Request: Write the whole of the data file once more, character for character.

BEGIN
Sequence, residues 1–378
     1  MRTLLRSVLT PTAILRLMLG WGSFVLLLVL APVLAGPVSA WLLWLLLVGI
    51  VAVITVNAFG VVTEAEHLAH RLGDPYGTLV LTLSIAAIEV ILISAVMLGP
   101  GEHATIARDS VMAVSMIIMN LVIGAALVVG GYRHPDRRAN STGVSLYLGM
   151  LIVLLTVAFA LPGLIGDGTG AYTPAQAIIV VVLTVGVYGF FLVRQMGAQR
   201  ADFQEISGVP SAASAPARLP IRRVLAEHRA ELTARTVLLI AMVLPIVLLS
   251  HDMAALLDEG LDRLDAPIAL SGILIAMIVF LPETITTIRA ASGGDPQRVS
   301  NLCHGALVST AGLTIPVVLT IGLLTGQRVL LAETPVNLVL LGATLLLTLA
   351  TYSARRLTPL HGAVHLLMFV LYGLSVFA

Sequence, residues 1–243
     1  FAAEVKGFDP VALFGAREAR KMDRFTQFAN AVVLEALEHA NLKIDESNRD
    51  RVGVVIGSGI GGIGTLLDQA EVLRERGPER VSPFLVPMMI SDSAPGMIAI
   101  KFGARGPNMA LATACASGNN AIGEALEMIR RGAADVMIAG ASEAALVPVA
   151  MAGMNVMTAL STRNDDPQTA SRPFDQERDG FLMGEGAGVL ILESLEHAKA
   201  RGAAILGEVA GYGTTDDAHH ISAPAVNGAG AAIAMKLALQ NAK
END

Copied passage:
Sequence, residues 1–378
     1  MRTLLRSVLT PTAILRLMLG WGSFVLLLVL APVLAGPVSA WLLWLLLVGI
    51  VAVITVNAFG VVTEAEHLAH RLGDPYGTLV LTLSIAAIEV ILISAVMLGP
   101  GEHATIARDS VMAVSMIIMN LVIGAALVVG GYRHPDRRAN STGVSLYLGM
   151  LIVLLTVAFA LPGLIGDGTG AYTPAQAIIV VVLTVGVYGF FLVRQMGAQR
   201  ADFQEISGVP SAASAPARLP IRRVLAEHRA ELTARTVLLI AMVLPIVLLS
   251  HDMAALLDEG LDRLDAPIAL SGILIAMIVF LPETITTIRA ASGGDPQRVS
   301  NLCHGALVST AGLTIPVVLT IGLLTGQRVL LAETPVNLVL LGATLLLTLA
   351  TYSARRLTPL HGAVHLLMFV LYGLSVFA

Sequence, residues 1–243
     1  FAAEVKGFDP VALFGAREAR KMDRFTQFAN AVVLEALEHA NLKIDESNRD
    51  RVGVVIGSGI GGIGTLLDQA EVLRERGPER VSPFLVPMMI SDSAPGMIAI
   101  KFGARGPNMA LATACASGNN AIGEALEMIR RGAADVMIAG ASEAALVPVA
   151  MAGMNVMTAL STRNDDPQTA SRPFDQERDG FLMGEGAGVL ILESLEHAKA
   201  RGAAILGEVA GYGTTDDAHH ISAPAVNGAG AAIAMKLALQ NAK